Fog Attack p.215 on - “ It was somewhat of a coincidence that I had read Deborah Wallace’s graphic account of how firefighters had suffered at the New York Telephone Exchange fire (1975), just four hours before my fire station responded to a ‘working’ fire involving an electrical transformer station in London’s West End district. As we approached the incident, thick black smoke was pouring from a room situated underneath a high-rise tower. The reports of burning PVC cables giving off such highly toxic emissions as hydrogen chloride, phthalates, carbon monoxide, benzene, and organics, leading to throat cancers and other fatal conditions, were still fresh in my mind as we climbed down from the pumpers. A team of firefighters had attempted a closer look ahead of us (without CABA) and I immediately turned to colleagues, warning them of the dangers. Seconds later the advance team came coughing and spluttering into the street. They complained of chest pains for days afterwards!”
The latest research
This document lays out a strategy and recommendations for establishing increased fire service awareness of and promoting changes in equipment and procedures to minimize the harmful effects from exposure to contaminants from the fireground and other emergency responses. Ample evidence exists that firefighters are frequently exposed to a variety of different types of contamination, ranging from products of combustion to hazardous chemicals to infectious diseases. The persistency for many of these exposures leads to both acute and chronic health issues that can be partly mitigated by implementing a proactive approach that increases firefighter understanding of contamination hazards and by instituting new equipment and response practices that limit, where practical, the exposures to these hazards.
The international fire service community is actively engaged in a wide range of activities focused on development, testing, and implementation of effective approaches to reduce exposure to contaminants and the related cancer risk. However, these activities are often viewed independent of each other and in the absence of the larger overall effort of occupational health risk mitigation. This narrative review synthesizes the current research on fire ser- vice contamination control in the context of the National Institute for Occupational Safety and Health (NIOSH) Hierarchy of Controls, a framework that supports decision making around implementing feasible and effective control solutions in occupational settings.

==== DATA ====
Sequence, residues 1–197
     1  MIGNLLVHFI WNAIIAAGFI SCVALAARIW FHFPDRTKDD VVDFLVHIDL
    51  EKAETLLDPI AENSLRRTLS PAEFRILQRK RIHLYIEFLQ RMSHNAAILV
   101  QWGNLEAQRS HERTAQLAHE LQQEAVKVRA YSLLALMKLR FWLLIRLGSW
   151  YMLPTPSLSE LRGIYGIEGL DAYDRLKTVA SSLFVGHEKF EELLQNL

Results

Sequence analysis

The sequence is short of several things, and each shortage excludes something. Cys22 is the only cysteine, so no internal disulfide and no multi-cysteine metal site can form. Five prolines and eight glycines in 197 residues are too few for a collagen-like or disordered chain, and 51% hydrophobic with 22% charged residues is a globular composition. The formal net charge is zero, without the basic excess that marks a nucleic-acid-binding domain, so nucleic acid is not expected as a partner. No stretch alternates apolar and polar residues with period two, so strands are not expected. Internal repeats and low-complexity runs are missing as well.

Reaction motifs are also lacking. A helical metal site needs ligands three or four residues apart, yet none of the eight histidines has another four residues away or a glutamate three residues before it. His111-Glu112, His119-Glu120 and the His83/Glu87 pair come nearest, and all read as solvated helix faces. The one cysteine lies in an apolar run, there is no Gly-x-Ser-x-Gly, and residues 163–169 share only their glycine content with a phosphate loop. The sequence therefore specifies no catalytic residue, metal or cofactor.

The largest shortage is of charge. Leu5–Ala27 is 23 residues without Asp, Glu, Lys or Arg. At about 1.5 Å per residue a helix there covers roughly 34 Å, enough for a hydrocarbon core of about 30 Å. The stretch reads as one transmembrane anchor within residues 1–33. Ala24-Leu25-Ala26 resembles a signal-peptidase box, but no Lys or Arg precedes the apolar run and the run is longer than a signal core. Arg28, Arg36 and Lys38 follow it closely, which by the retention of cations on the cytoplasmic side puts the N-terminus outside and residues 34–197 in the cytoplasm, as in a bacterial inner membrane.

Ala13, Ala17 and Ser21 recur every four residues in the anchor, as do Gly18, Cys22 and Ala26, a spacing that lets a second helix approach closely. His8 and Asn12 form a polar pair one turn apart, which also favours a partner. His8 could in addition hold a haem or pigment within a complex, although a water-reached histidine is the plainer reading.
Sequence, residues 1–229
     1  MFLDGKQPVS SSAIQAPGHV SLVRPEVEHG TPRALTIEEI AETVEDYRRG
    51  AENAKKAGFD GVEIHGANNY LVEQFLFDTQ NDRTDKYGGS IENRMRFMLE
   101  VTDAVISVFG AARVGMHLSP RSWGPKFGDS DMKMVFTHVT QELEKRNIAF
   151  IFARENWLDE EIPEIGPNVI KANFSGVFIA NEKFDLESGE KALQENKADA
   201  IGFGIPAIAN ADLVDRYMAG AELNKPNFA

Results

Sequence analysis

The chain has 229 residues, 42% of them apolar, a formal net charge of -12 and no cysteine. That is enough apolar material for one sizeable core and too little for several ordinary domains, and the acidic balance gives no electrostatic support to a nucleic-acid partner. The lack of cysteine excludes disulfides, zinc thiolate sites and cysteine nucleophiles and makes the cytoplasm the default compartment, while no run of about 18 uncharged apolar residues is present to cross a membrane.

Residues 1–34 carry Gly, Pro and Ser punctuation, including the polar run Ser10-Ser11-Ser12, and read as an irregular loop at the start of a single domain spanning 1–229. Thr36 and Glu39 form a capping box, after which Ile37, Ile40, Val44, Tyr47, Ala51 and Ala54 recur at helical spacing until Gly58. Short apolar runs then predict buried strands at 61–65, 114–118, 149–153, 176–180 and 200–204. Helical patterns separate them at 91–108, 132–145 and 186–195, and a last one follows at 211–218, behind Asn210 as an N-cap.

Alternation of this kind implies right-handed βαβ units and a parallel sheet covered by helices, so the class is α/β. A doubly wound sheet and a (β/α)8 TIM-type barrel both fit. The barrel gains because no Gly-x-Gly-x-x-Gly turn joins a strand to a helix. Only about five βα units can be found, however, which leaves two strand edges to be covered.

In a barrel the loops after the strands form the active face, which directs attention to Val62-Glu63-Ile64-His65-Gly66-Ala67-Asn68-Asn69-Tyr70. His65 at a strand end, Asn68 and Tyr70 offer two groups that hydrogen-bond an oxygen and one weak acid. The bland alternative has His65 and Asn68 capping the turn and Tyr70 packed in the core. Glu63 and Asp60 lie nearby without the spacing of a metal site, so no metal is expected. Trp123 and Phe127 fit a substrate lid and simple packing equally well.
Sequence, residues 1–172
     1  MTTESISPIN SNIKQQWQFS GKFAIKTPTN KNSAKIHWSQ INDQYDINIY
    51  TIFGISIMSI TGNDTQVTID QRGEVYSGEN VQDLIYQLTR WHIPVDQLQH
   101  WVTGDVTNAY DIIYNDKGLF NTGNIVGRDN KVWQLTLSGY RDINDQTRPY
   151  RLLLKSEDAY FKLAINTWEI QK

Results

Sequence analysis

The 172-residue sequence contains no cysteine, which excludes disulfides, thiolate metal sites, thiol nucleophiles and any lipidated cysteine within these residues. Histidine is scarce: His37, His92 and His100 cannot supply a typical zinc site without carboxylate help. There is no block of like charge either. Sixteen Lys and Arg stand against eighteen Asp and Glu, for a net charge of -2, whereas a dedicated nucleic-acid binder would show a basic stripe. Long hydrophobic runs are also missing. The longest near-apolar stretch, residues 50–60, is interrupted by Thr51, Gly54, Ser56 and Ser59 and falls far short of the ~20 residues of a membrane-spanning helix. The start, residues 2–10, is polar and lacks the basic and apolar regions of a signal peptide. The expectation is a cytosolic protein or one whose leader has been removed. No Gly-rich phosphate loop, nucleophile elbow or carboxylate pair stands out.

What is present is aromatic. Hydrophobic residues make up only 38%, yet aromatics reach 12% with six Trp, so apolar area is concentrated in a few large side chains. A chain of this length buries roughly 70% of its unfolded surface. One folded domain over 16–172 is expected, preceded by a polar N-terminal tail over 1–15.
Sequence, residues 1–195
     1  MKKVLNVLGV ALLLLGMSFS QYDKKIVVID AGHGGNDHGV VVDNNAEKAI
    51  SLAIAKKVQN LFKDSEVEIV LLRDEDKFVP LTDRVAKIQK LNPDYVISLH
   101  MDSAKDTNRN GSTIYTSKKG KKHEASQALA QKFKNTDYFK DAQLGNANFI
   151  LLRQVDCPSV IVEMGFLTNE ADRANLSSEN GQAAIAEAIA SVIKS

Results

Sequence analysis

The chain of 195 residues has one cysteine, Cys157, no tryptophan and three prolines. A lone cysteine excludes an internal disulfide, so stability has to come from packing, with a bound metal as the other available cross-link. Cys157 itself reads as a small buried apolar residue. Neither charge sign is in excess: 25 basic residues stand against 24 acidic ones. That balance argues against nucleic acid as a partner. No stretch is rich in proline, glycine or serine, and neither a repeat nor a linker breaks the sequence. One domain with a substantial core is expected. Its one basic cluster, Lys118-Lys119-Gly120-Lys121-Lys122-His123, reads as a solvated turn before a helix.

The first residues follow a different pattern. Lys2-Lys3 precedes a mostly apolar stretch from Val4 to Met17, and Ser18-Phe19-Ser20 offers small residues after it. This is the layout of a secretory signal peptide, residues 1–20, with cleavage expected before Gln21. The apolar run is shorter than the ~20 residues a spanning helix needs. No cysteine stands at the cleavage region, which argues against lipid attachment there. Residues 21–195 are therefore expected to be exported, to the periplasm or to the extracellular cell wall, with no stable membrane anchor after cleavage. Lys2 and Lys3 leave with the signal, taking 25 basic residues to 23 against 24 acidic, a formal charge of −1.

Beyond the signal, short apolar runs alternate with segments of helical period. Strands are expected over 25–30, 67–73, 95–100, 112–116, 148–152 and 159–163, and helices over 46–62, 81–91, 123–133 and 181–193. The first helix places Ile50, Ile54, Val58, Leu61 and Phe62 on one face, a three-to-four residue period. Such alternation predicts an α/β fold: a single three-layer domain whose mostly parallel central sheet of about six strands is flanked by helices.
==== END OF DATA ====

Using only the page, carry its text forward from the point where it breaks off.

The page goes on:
We have been aware of the exposure hazard for more than 40 years (see Fog Attack 1992). Deborah Wallace’s book (above), discussed throughout Fog Attack, probably saved hundreds of firefighters lives. However, we now have evidence as to the extent of the problem. However what we don’t know is how we identify and apply ALARP exposure boundaries at fires. How far should we go in balancing risk to firefighters whilst others are also at risk? https://assets.publishing.service.gov.uk/government/uploads/system/uploads/attachment_data/file/972907/firefighters-and-cancer-policy-paper-47.pdf
Here is an area where far more research needs to be undertaken in an area where solutions are challenging us. Wildland firefighters are exposed to smoke-containing particulate matter (PM) and volatile organic compounds (VOCs) while suppressing wildfires. From 2015 to 2017, the U.S. Forest Service conducted a field study collecting breathing zone measurements of PM4 (particulate matter with aerodynamic diameter ≤4 μm) on wildland firefighters from different crew types and while performing various fire suppression tasks on wildfires.
Australian contaminant research for both male and female firefighters. To investigate mortality and cancer incidence of paid Australian firefighters and of subgroups of firefighters by era of first employment, duration of employment and number and type of incidents attended.
As reported in EuroFirefighter 2 (2017) pages 11-14, Firefighter exposure to Smoke Particulates whilst wearing PPE (Contaminants) - A key research area, partnered UL with the Chicago Fire Department and the University of Cincinnati, college of medicine, to further investigate the relationship with sub-micron smoke particles
Always important to analyse and hear both sides of the story, read the science but not take too much from social media on these matters. However clearly something to follow.